Question: What is the effect of wearing splints at night to stretch the plantarflexors on dorsiflexion range of motion (ROM) in people with Charcot-Marie-Tooth disease? Design: Randomised, assessor-blinded, cross-over trial. Participants: 14 people (1 dropout) aged 7 to 30 years with Charcot-Marie-Tooth disease Type 1A and with ≤ 15 degrees dorsiflexion range of motion (ROM). Intervention: A splint holding the ankle in maximum dorsiflexion was worn nightly on one leg for 6 weeks followed by the opposite leg for the subsequent 6 weeks. Outcome measures: The primary outcome was dorsiflexion RQM; secondary outcomes were eversion ROM, and dorsiflexion, eversion, and inversion strength, measured before and after splinting, and three months later. Results: There was no significant difference between the experimental and the control intervention in terms of ROM or strength. Wearing the splint at night increased dorsiflexion ROM by 1 degree (95% CI -3 to 4; p = 0.72) and eversion ROM by 1 degree (95% CI -1 to 3; p = 0.28) compared to not wearing the splint. Wearing the splint increased dorsiflexion strength by 41 N (95% CI -53 to 135; p = 0.38), reduced eversion strength by 6 N (95% CI -112 to 101; p = 0.92) and reduced inversion strength by 8 N (95% CI -110 to 95; p = 0.88) compared to not wearing the splint. Conclusion: Wearing night splints does not increase ankle ROM or strength in people with Charcot-Marie-Tooth disease Type 1A.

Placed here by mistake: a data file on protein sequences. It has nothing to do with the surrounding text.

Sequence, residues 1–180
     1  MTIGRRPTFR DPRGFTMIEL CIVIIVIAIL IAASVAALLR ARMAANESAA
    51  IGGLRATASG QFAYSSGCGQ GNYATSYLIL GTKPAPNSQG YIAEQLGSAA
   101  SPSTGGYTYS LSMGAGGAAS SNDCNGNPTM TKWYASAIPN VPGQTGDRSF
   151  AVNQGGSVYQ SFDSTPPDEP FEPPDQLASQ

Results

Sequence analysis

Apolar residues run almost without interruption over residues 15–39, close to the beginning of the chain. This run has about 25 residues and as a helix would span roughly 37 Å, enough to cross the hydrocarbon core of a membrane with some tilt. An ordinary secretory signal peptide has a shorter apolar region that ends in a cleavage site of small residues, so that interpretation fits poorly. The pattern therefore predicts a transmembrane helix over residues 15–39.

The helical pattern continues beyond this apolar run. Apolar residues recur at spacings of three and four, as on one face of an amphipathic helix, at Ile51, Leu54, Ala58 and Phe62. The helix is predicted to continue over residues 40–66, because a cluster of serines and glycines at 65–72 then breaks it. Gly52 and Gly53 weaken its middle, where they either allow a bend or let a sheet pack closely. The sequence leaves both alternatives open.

|Number of pages||7|
|Journal||Australian Journal of Physiotherapy|
|Publication status||Published - 2006|
- Charcot-Marie-Tooth disease
- Peripheral neuropathy
- Pes Cavus
- Physical therapy modalities